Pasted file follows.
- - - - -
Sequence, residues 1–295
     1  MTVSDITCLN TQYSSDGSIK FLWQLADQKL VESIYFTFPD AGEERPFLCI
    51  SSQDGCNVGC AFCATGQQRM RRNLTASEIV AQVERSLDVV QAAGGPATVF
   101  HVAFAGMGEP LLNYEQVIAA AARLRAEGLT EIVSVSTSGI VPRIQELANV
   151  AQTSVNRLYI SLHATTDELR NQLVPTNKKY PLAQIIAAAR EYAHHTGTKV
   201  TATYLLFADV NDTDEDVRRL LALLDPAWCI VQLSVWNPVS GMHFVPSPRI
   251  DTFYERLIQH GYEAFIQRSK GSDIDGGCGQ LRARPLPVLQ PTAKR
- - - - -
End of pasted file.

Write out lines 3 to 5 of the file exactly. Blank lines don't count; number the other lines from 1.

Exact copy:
    51  SSQDGCNVGC AFCATGQQRM RRNLTASEIV AQVERSLDVV QAAGGPATVF
   101  HVAFAGMGEP LLNYEQVIAA AARLRAEGLT EIVSVSTSGI VPRIQELANV
   151  AQTSVNRLYI SLHATTDELR NQLVPTNKKY PLAQIIAAAR EYAHHTGTKV